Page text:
# [SOLVED]Direct Sum Property

#### Sudharaka

##### Well-known member
MHB Math Helper
Hi everyone,

I encountered this question and thought about it several hours. I am writing down my answer. I would greatly appreciate if somebody could find a fault in my answer or else confirm it is correct.

Problem:

Let $$V_1,\,\cdots,\,V_k$$ be subspaces in a vector space $$V$$, $$V=V_1+\cdots+V_k$$. Show that the sum is direct iff there is at least one $$v\in V$$ such that $$v=v_1+\cdots+v_k$$ where $$v_i\in V_i$$, in a unique way.

My Solution:

If $$V=V_1\oplus \cdots \oplus V_k$$ then by the definition of the direct product each $$v\in V$$ can be uniquely written as $$v=v_1+\cdots+v_k$$ where $$v_i\in V_i$$. So the forward implication is clearly true.

Now let us prove the reverse direction. There exist and element $$v\in V$$ such that $$v=v_1+\cdots+v_k$$ where $$v_i\in V_i$$, in a unique way. Suppose that the sum is not a direct sum. Then there exist at least one element $$x\in V$$ such that $$x$$ has two different representations,

$x=x_1+\cdots+x_k\mbox{ and }x=x'_1+\cdots+x'_k$

where $$x_i,\,x'_i\in V_i$$. Now there exist some $$v_0\in V$$ such that, $$v=x+v_0$$. Hence,

$v=x_1+\cdots+x_k+v_0\mbox{ and }v=x'_1+\cdots+x'_k+v_0$

Now since we can write $$v_0=v_1^0+\cdots+v_k^0$$, we get,

$v=(x_1+v^0_1)+\cdots+(x_k+v^0_k)\mbox{ and }v=(x'_1+v^0_1)+\cdots+(x'_k+v^0_k)$

Note that, $$x_i+v_i^0\in V_i$$ and $$x'_i+v_i^0\in V_i$$.

But since $$v$$ has a unique representation $$v=v_1+\cdots+v_k$$ we have,

$v_1=x_1+v^0_1=x'_1+v^0_1$

$v_2=x_2+v^0_2=x'_2+v^0_2$

and generally,

$v_i=x_i+v^0_i=x'_i+v^0_i$

Therefore,

$x_i=x'_i\mbox{ for all }i$

Therefore we arrive at a contradiction. The sum must be direct.

Last edited:

#### caffeinemachine

##### Well-known member
MHB Math Scholar
Hi everyone,

I encountered this question and thought about it several hours. I am writing down my answer. I would greatly appreciate if somebody could find a fault in my answer or else confirm it is correct.

Problem:

Let $$V_1,\,\cdots,\,V_k$$ be subspaces in a vector space $$V$$, $$V=V_1+\cdots+V_k$$. Show that the sum is direct iff there is at least one $$v\in V$$ such that $$v=v_1+\cdots+v_k$$ where $$v_i\in V_i$$, in a unique way.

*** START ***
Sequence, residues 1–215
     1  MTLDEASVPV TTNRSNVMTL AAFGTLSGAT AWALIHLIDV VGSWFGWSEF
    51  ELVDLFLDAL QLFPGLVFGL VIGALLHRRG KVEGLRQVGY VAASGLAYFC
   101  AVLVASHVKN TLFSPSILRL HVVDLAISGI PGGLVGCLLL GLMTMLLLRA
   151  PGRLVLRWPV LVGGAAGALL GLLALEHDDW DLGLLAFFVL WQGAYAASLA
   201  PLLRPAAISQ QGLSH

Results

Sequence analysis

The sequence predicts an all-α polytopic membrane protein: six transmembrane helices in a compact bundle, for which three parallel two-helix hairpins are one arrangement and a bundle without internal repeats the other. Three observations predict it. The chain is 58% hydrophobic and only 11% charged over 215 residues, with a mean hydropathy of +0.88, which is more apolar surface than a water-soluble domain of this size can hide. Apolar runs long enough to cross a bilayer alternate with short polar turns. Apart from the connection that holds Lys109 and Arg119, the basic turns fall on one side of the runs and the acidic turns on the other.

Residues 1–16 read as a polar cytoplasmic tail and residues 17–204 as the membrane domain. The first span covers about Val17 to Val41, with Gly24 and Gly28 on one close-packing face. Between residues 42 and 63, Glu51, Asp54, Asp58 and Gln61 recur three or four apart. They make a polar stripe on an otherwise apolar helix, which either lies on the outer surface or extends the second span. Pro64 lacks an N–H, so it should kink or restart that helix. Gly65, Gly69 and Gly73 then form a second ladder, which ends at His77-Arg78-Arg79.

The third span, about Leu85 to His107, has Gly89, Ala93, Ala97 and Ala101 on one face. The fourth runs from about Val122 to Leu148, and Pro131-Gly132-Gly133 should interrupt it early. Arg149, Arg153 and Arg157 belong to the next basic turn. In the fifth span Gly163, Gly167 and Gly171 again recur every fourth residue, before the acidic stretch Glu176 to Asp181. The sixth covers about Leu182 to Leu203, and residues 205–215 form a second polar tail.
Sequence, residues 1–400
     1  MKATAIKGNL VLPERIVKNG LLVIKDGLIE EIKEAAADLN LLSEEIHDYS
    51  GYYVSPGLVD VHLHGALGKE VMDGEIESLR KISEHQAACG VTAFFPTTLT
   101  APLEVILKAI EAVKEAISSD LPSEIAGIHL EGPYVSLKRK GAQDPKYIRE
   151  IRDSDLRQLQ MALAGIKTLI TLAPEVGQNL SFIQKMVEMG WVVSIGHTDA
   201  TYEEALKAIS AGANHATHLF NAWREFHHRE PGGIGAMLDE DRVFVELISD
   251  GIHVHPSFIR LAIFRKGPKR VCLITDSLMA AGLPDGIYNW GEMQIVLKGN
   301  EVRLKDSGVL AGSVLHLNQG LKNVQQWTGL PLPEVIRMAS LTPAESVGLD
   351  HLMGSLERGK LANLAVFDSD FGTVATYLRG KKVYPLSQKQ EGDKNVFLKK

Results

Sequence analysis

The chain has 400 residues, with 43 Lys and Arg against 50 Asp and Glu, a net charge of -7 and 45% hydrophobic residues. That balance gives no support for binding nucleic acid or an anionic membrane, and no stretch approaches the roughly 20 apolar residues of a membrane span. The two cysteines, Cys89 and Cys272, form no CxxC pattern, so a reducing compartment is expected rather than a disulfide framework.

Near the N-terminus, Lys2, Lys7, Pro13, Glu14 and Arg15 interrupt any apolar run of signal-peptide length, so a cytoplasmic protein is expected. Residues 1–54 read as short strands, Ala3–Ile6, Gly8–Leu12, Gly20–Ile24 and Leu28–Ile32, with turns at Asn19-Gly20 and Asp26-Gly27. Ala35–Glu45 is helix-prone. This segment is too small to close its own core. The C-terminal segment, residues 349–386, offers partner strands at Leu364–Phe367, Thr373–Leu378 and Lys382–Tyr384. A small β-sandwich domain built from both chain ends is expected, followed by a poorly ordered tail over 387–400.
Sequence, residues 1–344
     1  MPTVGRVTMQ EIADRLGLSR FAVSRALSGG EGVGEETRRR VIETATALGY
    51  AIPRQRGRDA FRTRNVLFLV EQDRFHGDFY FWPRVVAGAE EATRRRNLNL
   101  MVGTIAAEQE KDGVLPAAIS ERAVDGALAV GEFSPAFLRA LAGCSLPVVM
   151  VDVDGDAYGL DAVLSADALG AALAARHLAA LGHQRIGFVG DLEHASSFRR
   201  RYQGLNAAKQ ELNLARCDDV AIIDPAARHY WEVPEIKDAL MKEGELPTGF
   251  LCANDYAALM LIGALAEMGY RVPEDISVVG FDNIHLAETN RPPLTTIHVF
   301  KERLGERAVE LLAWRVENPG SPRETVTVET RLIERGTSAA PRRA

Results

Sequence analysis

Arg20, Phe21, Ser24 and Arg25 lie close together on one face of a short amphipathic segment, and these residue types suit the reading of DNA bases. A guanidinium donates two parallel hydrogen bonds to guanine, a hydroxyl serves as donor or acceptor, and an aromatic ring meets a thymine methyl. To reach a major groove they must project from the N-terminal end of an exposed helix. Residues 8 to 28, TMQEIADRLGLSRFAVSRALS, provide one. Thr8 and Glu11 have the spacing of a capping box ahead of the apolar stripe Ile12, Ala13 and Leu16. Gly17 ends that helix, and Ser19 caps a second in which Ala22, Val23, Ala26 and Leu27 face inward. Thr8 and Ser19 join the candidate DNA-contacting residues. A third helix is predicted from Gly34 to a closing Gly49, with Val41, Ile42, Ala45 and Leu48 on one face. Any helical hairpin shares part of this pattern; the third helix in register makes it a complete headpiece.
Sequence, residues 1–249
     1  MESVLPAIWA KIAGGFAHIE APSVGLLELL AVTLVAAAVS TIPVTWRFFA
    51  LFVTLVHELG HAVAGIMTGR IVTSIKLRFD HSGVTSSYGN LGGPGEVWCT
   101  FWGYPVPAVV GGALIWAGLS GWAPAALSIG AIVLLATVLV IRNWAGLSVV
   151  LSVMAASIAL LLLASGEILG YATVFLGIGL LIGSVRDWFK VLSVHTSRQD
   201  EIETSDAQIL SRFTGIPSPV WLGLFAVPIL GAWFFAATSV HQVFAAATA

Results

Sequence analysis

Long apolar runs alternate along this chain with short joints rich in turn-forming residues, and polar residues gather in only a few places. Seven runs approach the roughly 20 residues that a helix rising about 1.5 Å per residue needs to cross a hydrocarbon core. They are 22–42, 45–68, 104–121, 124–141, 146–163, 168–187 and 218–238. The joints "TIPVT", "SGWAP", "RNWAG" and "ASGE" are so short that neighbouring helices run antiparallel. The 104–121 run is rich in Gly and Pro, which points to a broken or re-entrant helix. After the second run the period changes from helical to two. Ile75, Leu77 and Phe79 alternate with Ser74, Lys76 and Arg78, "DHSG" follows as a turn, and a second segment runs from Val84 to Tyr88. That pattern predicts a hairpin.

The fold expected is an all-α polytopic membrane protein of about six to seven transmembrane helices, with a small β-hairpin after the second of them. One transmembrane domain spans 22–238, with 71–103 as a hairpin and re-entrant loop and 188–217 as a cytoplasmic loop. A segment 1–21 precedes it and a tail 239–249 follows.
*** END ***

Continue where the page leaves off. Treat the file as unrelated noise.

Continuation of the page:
My Solution:

If $$V=V_1\oplus \cdots \oplus V_k$$ then by the definition of the direct product each $$v\in V$$ can be uniquely written as $$v=v_1+\cdots+v_k$$ where $$v_i\in V_i$$. So the forward implication is clearly true.

Now let us prove the reverse direction. There exist and element $$v\in V$$ such that $$v=v_1+\cdots+v_k$$ where $$v_i\in V_i$$, in a unique way. Suppose that the sum is not a direct sum. Then there exist at least one element $$x\in V$$ such that $$x$$ has two different representations,

$x=x_1+\cdots+x_k\mbox{ and }x=x'_1+\cdots+x'_k$

where $$x_i,\,x'_i\in V_i$$. Now there exist some $$v_0\in V$$ such that, $$v=x+v_0$$. Hence,

$v=x_1+\cdots+x_k+v_0\mbox{ and }v=x'_1+\cdots+x'_k+v_0$

Now since we can write $$v_0=v_1^0+\cdots+v_k^0$$, we get,

$v=(x_1+v^0_1)+\cdots+(x_k+v^0_k)\mbox{ and }v=(x'_1+v^0_1)+\cdots+(x'_k+v^0_k)$

Note that, $$x_i+v_i^0\in V_i$$ and $$x'_i+v_i^0\in V_i$$.

But since $$v$$ has a unique representation $$v=v_1+\cdots+v_k$$ we have,

$v_1=x_1+v^0_1=x'_1+v^0_1$

$v_2=x_2+v^0_1=x'_2+v^0_1$

and generally,

$v_i=x_i+v^0_1=x'_i+v^0_1$
A typo here. It should be $v_i=x_i+v^0_i=x'_i+v^0_i$
The rest is correct.

#### Sudharaka

##### Well-known member
MHB Math Helper
A typo here. It should be $v_i=x_i+v^0_i=x'_i+v^0_i$
The rest is correct.
Yeah, I was typing it too fast, didn't check much for typos. I have edited it in the original post. Thank you very much for the confirmation and pointing out the typo. I really appreciate it. I am confident that this and the several other questions I posted recently are correct, but just want to get the opinion of everybody. I have a exam coming up and these are from a sample test.